Minnesota really should have lost against Los Angeles last week, playing on short rest, with some new starters, and on the road against one of the league’s best teams. The loss to San Jose, however, was a deflating head scratcher. Key errors were punished, and the league’s worst team snapped a seven-game winless streak on the road to a team that has tickled the playoff line most of the season. It is not time to hit the panic button for the Loons, but it may be time to hit the reset button and forget the last week. At home, against a genuine rival, would be a perfect time to climb back into the race.
The Loons enjoyed what would be one of their most complete wins of the season in 2017 against Sporting KC, a 2-0 home victory with a national TV audience in early May. The game marked the first MLS instance of a Miguel Ibarra – Christian Ramirez connection, as Batman fed Superman an assist from wide left for a first-half insurance goal. Later occasions would be less friendly to Minnesota. A 3-0 loss in league play was followed by a 4-0 loss in Open Cup play just eleven days later. The two clubs tied 1-1 at TCF Bank Stadium later in the year in the league play rubber match. Though the two mid-season losses will stand out in the minds of Loons fans, it is important to remember that the overall league record between the two clubs is 1-1-1. A rivalry, indeed.
|Assistant||Jose Da Silva|
Jair Marrufo will be conducting business for this match. He is a referee that typically calls few fouls but controls a match well (though his 24.4 fouls per game this year is slightly ahead of the league average of 22.9). Marrufo is right around the average this year in yellow cards issued, having given 3.4 per game against the average of 3.6. The veteran referee will be headed to the World Cup this summer, so just as the players do, Marrufo will see the next month as something of a warm up ahead of the big show.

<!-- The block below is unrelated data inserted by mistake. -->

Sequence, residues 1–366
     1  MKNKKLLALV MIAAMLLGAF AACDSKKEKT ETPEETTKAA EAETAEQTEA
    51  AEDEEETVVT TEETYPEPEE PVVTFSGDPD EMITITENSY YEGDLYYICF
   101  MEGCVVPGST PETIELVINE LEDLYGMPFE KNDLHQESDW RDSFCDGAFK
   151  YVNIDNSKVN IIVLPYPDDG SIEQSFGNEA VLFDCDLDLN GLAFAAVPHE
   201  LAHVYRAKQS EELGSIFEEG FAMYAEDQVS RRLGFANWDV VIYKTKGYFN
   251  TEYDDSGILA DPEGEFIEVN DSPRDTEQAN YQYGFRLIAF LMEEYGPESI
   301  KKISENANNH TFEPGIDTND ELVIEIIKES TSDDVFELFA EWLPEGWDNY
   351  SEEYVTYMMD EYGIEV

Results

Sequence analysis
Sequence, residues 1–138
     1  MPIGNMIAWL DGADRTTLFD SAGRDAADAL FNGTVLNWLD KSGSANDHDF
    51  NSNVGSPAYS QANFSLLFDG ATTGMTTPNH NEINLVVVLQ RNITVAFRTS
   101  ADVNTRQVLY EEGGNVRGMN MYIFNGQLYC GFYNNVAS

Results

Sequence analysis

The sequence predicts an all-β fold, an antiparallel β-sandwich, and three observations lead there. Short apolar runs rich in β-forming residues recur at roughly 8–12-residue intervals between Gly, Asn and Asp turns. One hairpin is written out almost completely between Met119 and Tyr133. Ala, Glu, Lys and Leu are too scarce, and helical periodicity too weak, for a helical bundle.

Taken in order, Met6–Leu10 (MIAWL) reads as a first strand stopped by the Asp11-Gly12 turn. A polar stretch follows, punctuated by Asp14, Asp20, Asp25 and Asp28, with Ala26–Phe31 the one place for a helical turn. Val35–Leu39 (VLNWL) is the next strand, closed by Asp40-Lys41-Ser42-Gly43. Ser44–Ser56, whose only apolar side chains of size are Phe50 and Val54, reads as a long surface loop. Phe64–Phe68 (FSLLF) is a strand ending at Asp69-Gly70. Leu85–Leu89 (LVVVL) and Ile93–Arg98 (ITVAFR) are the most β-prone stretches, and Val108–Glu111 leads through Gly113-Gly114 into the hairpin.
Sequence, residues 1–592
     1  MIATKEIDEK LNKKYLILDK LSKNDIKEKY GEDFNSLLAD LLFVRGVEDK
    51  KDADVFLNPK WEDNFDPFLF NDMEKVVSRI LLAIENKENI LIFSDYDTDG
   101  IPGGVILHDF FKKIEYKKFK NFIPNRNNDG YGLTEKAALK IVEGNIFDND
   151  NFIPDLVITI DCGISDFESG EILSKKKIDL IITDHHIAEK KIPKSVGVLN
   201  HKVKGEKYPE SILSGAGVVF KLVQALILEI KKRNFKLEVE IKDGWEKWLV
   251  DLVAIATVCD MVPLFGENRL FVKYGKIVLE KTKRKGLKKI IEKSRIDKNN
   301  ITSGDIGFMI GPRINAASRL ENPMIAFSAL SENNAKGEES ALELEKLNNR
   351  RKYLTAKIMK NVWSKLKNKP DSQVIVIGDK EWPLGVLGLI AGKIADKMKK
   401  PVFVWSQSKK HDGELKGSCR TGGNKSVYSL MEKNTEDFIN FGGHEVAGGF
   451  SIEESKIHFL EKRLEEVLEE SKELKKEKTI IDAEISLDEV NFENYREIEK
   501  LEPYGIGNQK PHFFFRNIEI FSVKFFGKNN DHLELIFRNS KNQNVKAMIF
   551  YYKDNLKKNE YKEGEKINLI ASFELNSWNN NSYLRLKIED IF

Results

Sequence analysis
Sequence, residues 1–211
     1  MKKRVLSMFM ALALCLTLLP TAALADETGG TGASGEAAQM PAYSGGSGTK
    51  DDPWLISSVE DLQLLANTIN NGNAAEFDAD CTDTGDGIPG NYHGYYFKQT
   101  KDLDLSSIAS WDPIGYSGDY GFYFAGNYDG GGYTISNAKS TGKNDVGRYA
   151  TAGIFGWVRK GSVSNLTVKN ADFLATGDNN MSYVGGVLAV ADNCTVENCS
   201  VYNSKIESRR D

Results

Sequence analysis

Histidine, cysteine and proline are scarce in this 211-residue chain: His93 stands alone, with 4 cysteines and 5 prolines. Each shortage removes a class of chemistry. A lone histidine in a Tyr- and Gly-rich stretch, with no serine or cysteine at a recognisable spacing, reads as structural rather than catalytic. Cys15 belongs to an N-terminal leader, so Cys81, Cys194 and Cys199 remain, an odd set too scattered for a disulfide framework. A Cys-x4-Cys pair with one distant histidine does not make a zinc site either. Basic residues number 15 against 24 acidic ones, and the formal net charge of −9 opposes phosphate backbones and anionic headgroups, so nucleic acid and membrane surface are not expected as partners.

D Marc Burch (left knee) – Out
M Sam Cronin (head) – Out
M Kevin Molino (torn ACL) – Out
M Ethan Finlay (torn ACL) – Out
F Abu Danladi (right ankle) – Out
D Tyrone Mears (lower right leg) – Questionable
Sporting Kansas City
M Felipe Gutierrez (sports hernia surgery) – Out
It occurred to me as I prepared for this week that my tactical previews typically are very reactive from a Loons point of view. “X team is weak in these areas, so Minnesota should directly try to exploit them.” It’s a very simple approach to tactics, and is easily predicted and countered. Thank goodness I’m not the coach.
Considering tactics in this manner always has Minnesota responding to another team, almost like giving away the first move in a chess match. Then again, there are reasons for taking the approach of simply focusing on key opponent weaknesses and trying to take advantage. For one, the Loons do not appear to have the talent required to assert their will over a game against any given team. That is not to say they never exercise control over a match; in fact, most games feature at least stretches where Minnesota is doing what they want, how they want, and being successful at doing so. But there is no team against whom Adrian Heath can count on his men simply spending the entire match doing what they do best – a heavy possession attack utilizing speedy wingers, the coach would assert – and knocking on that door until the opponent surrenders.